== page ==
This is less of a stride than a galvanising of your front leg.

"It's a movement that then goes again, that responds to the length and the flight of the ball," says Thorpe. "It's certainly not overcommitted. There is a difference between a press, which is a movement that leads to something else, and a plant - a big old heavy step with the front foot that leaves you stuck.

"You should have momentum going over your front leg, so that there is a little tension in your front thigh. That bend in the front leg allows you to push back quickly if the ball is short enough.

"The way it looks can vary between players. Graham Gooch used to be slightly more upright than me; I liked to crouch a little. But his front foot would have been doing something very similar to mine. He was effective off front and back foot, and he was also able to sweep."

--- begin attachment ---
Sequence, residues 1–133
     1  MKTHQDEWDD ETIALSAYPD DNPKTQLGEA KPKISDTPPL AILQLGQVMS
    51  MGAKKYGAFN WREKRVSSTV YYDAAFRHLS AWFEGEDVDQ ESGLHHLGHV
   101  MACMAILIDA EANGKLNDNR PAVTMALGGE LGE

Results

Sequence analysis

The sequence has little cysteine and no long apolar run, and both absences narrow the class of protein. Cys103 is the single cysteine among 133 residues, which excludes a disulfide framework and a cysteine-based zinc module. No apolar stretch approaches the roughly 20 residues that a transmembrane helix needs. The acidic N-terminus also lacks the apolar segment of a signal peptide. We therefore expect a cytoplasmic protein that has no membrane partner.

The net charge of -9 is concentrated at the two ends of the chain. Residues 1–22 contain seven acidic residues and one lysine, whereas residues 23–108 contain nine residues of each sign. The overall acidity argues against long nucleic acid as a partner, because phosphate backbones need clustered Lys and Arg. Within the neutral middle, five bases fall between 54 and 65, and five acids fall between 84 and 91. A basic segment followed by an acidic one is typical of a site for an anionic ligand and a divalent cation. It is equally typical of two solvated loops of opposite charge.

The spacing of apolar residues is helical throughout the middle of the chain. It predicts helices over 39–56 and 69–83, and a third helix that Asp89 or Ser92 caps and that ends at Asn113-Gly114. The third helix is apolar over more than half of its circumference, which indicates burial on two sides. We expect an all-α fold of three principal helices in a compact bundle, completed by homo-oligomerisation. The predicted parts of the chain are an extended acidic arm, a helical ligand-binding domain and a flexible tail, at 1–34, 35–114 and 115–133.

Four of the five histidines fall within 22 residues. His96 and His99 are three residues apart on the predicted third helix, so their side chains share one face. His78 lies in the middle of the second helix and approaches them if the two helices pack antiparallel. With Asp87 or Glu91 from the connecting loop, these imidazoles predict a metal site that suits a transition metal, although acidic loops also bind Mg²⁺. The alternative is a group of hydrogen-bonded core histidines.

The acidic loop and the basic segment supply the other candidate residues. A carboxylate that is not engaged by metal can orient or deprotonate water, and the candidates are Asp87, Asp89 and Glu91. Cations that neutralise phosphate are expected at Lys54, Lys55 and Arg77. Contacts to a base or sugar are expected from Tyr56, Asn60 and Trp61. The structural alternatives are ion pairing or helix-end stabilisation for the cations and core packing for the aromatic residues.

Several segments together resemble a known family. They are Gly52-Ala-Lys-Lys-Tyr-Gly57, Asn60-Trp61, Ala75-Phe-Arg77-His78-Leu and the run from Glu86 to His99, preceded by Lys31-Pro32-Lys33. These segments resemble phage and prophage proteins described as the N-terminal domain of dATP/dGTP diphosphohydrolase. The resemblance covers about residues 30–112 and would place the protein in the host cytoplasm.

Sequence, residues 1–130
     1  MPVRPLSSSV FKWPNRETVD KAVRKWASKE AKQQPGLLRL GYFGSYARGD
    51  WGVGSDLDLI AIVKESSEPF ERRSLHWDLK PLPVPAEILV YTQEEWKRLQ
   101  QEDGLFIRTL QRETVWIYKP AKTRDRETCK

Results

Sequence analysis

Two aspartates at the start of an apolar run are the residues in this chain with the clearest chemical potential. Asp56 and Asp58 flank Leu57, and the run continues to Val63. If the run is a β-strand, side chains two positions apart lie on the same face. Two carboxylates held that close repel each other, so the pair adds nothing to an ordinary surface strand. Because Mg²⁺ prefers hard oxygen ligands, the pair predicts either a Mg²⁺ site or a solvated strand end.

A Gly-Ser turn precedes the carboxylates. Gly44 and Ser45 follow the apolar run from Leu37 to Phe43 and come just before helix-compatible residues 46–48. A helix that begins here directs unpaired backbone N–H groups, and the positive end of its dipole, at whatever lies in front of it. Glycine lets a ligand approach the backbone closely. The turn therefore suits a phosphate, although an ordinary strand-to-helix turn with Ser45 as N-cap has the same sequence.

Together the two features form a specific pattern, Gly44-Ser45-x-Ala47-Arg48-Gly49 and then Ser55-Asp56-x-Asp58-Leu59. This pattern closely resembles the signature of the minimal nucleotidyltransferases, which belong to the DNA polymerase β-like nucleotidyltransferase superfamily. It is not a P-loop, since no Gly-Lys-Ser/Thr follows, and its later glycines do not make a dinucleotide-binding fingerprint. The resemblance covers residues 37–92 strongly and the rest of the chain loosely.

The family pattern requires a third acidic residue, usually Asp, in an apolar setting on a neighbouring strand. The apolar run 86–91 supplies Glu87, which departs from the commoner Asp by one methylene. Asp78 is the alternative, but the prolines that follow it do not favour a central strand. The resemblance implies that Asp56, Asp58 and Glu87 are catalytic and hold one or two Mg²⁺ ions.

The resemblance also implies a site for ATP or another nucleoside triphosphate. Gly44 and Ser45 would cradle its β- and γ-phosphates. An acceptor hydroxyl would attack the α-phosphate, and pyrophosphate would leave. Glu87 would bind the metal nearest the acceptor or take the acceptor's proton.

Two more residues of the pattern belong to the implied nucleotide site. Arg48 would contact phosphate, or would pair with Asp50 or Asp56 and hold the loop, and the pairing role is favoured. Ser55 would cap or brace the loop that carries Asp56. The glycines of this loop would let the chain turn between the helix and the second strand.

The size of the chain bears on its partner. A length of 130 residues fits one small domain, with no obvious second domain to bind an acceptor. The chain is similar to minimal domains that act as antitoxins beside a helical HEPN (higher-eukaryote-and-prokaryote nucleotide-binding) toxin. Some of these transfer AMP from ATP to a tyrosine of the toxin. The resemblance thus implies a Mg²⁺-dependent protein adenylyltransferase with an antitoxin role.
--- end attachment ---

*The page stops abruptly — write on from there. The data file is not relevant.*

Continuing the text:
That's the first part of the theory. Putting it into practice requires a second set of skills.

"It all sounds very easy, but in the heat of the battle people then have to make decisions," says Thorpe. "And that brings in game-plans, concentration, real clarity in your method and a balance of aggression.

"Some players naturally like to be more aggressive in their play. They will try to impose themselves. It's an individual choice.

"But if you have five fielders round the bat, you have to work out how you can possibly move some of them. Just by showing intent, a captain might start moving some of those players back. You have to work out the risk-reward side of it.